The unitary mass also includes a sialagogue to stimulate the flow of saliva, which helps to remove food particles from the teeth. For this purpose, any of the well known substantially non-fermentable sweetening agents and flavoring agents, including breath freshening agents, may be employed.
The unitary masses of this invention have particular utility for cleaning and teeth and freshening the mouth after meals in situations where tooth brushing is impractical or impossible. It has been found that the chewing of the unitary masses of this invention results in extensive removal of trapped food particles, and greatly reduces the level of fermentable carbohydrate material (which is known to contribute to caries formation) in the mouth. The composition, being completely edible, leaves no solid residue. The mouth is cleaned and freshened quickly and easily.
A particularly suitable composition for forming the unitary masses of this invention comprises a protein such as gelatin, a liquid polyhydric alcohol such as glycerine, and a vegetable gum, such as gum acacia. Best results have been obtained by using a gelatin having a high Bloom number (a well known measure of the penetrability of a standard set solution of the gelatin in water); Bloom numbers above about 150, advantageously at least 190, e.g. above 230, preferably in the range of about 265' to 285, are preferred. In the preferred compositions there is also present a small amount of Water, and the gelatin and gum acacia are present in approximately equal proportions (e.g. in a ratio within the range of about 1.221 to 1:12). The proportions of the glycerine and Water may be varied in accordance with the resiliency desired; in the preferred compositions the amount of glycerine is on the order of about twice the amount of gelatin (e.g. about 2.2 times the amount of gelatin) while the amount of water is approximately equal to the amount of gelatin (e.g. about 0.8 or 0.9 times the amount of gelatin). In general, the proportions of the ingredients will be within the following ranges: gelatin 540% (preferably 1525%); gum acacia 5-40% (preferably 15-25%); glycerine 555% (preferably 35 45'%); water 540% (preferably 10-20%) total water, from all components.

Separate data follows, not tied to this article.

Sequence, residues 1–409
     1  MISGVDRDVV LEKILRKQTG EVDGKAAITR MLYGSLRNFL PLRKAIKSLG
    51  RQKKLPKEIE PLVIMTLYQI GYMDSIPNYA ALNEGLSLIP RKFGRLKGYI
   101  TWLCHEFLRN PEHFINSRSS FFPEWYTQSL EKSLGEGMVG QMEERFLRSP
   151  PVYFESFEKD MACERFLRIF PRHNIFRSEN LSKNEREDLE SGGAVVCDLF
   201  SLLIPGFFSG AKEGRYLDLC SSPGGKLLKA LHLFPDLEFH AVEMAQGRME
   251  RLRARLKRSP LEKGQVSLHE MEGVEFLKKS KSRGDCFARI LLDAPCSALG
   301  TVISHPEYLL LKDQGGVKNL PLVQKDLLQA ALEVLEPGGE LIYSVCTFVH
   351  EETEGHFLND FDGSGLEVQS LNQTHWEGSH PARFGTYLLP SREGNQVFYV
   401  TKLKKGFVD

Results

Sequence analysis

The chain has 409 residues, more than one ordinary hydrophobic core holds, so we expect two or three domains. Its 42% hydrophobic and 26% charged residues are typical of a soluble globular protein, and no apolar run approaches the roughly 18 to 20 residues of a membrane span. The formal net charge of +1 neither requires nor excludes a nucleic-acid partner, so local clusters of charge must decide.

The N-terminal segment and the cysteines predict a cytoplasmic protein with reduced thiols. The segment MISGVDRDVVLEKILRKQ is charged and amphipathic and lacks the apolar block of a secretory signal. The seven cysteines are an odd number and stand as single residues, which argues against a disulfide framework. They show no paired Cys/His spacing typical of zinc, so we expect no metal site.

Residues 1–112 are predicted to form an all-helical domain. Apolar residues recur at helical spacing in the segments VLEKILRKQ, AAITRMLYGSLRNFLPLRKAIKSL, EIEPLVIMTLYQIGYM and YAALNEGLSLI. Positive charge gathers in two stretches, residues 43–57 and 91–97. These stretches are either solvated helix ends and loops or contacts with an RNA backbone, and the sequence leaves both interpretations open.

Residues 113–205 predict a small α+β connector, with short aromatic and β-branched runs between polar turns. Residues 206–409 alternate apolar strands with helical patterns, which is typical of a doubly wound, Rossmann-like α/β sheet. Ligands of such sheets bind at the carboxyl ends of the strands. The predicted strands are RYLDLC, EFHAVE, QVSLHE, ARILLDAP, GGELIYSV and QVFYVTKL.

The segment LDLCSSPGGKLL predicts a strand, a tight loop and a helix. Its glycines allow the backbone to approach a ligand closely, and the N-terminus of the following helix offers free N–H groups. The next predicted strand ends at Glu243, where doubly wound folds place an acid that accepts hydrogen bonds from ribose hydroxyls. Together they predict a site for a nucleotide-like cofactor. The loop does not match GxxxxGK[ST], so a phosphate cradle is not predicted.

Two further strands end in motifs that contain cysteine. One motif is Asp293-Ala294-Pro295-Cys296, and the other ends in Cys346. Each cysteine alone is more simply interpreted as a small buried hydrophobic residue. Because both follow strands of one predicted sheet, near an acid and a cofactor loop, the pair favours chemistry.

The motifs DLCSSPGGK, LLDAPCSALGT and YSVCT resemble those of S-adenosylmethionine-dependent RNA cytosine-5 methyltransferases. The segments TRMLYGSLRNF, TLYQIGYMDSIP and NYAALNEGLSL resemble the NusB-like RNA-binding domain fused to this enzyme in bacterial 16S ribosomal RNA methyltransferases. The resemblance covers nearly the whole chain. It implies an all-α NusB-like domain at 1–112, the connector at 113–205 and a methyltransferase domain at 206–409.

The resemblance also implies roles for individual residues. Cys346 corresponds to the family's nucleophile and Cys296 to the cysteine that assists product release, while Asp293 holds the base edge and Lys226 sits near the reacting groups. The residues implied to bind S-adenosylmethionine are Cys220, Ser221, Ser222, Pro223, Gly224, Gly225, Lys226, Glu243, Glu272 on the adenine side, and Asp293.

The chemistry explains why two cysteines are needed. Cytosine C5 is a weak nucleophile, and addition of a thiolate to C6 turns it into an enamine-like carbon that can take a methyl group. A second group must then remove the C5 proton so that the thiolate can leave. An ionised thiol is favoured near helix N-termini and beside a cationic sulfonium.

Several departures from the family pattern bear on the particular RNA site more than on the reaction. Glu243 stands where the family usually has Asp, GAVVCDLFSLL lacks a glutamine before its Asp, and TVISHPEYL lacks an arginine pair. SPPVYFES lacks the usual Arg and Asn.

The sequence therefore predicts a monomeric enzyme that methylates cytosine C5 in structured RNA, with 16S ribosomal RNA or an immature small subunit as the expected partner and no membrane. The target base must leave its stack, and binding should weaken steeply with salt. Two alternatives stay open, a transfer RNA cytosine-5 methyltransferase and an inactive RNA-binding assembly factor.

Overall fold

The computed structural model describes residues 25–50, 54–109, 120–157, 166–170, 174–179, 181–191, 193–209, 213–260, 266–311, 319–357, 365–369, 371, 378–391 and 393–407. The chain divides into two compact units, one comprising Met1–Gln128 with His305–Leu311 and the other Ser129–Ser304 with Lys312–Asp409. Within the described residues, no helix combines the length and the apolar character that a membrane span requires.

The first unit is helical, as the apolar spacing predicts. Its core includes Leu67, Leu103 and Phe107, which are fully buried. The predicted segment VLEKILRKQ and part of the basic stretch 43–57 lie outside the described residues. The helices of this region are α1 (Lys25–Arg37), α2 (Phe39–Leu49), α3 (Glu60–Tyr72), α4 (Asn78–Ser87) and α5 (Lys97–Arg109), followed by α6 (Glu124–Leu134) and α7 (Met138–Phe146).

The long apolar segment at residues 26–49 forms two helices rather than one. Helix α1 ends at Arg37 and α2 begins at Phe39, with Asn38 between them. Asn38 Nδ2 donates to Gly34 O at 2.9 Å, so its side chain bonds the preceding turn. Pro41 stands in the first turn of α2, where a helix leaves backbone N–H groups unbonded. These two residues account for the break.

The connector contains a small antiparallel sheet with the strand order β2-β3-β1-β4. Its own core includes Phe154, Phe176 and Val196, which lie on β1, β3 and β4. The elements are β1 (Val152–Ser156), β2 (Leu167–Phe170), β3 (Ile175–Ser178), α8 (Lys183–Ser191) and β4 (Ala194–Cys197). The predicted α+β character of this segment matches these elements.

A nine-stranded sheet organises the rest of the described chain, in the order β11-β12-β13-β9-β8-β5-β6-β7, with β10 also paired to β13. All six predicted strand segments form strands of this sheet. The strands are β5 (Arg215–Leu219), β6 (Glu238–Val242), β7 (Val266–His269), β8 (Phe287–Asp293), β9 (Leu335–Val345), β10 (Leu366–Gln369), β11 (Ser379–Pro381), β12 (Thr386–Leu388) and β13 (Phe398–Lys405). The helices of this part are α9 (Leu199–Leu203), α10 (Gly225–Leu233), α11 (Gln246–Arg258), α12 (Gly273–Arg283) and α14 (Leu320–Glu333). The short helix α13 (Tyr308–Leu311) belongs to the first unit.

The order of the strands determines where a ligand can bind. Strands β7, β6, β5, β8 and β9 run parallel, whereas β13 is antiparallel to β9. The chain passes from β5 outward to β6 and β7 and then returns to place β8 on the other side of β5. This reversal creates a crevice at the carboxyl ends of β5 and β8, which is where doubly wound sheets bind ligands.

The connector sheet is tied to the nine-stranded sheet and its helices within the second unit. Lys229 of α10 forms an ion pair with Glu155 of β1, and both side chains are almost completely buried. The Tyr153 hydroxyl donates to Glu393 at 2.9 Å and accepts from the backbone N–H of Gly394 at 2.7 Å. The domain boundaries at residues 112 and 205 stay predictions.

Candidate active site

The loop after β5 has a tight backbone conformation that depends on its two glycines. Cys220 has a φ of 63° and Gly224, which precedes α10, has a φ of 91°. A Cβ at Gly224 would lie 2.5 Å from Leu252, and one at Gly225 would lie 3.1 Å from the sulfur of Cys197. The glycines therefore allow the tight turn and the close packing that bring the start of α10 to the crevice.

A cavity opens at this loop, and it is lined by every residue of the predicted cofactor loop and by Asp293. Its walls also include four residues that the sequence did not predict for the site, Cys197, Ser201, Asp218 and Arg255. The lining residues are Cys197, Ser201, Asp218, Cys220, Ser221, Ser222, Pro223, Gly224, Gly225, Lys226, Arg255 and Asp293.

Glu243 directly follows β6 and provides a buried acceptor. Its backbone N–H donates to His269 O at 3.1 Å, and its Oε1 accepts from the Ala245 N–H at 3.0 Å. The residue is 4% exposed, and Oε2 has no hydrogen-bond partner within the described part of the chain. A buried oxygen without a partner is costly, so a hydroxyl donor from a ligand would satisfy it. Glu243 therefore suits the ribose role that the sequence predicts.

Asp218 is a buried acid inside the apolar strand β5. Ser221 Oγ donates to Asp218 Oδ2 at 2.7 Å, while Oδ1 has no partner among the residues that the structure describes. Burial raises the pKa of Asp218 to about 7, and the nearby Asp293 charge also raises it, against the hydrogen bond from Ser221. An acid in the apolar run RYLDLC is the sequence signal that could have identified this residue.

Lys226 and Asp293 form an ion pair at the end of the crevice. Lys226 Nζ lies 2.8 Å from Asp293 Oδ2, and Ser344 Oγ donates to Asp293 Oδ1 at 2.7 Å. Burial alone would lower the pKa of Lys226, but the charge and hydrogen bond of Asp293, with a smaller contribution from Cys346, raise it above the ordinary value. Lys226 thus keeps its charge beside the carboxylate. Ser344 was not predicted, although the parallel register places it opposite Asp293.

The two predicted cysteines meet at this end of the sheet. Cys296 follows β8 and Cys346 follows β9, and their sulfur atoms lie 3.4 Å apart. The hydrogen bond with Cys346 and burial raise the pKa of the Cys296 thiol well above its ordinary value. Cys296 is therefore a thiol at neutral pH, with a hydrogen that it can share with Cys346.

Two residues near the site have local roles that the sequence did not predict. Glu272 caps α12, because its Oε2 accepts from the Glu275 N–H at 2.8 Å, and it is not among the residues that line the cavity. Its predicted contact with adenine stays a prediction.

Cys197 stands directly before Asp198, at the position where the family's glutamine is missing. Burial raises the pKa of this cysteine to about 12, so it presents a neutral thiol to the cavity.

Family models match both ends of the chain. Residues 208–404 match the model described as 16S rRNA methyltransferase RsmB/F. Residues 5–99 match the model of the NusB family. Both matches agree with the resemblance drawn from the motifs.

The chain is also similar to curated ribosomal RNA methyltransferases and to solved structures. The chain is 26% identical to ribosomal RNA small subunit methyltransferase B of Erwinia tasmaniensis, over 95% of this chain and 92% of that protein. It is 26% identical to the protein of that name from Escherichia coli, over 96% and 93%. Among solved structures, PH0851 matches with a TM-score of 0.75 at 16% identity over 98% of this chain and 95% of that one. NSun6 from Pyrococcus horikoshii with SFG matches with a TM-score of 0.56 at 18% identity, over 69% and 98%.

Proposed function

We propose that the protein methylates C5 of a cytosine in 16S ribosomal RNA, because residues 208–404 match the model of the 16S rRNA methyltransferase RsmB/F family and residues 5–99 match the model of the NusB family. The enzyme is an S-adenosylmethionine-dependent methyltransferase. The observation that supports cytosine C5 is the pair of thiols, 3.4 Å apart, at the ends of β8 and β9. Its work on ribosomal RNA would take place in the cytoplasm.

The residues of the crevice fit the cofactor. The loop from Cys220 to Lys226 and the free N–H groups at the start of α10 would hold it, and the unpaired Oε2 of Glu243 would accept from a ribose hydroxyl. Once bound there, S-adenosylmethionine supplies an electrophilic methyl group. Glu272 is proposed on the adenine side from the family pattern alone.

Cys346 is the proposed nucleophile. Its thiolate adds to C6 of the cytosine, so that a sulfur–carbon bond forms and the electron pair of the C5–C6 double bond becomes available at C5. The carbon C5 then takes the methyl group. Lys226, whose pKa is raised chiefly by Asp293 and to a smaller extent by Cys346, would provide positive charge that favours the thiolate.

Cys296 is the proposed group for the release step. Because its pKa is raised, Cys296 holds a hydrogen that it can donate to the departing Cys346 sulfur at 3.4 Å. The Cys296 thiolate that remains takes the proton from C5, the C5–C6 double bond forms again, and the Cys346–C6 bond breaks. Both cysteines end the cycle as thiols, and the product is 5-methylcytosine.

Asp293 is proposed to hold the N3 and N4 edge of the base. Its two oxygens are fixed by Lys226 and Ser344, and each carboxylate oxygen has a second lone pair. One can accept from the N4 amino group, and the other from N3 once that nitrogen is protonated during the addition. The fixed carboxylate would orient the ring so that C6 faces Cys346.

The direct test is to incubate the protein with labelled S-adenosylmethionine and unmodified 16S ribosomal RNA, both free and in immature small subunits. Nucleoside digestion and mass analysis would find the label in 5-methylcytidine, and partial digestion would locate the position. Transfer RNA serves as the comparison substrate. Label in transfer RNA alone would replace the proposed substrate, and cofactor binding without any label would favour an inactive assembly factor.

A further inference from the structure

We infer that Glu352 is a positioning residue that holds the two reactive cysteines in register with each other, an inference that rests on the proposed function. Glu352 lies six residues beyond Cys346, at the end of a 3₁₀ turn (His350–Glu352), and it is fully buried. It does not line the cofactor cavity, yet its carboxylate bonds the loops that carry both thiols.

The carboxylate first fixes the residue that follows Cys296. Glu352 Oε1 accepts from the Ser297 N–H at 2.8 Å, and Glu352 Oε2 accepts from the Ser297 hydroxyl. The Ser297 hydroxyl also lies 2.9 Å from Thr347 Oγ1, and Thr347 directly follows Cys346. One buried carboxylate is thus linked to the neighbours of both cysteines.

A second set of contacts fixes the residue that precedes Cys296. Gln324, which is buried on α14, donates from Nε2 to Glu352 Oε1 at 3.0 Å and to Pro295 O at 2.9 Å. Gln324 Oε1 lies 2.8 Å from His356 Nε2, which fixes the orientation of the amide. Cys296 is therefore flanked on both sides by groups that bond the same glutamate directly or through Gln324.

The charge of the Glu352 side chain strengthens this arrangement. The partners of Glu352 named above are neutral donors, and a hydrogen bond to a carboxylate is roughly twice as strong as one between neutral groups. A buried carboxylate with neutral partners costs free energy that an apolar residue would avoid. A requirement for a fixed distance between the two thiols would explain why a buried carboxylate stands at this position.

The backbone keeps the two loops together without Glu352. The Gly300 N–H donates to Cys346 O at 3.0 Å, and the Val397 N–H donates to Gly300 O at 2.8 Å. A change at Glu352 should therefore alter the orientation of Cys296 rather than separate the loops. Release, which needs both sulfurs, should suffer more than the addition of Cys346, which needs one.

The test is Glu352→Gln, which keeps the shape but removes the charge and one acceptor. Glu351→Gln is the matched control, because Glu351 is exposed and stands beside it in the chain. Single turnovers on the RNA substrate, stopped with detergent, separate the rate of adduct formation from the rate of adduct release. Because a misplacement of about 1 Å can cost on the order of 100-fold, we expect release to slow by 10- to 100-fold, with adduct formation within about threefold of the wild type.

In the absence of the gum, the gelatin-glycerine compositions tend to have little cohesivesness and to break up readily into many small particles on chewing.
The preferred compositions also contain an insoluble finely divided dental polishing agent. Preferably, the dental polishing agent is an abrasive material having an average particle size below about 10 :microns. A particularly suitable polishing agent is finely divided insoluble sodium rnetaphosphate (e.g. having an average particle size of about 2 to 10 microns). Other polishing agents to assist in removal of film from the teeth are aluminas, chalks, calcium phosphates, aluminum silicates and zirconium silicate. The proportion of polishing agent may be, for example, up to about 20%, e.g. in the range of about 2 to 20%, based on the weight of the total mixture. It is found that the presence of the finely divided polishing agent acts as a reinforcing filler resulting in an increase in the resistance to penetration of the material.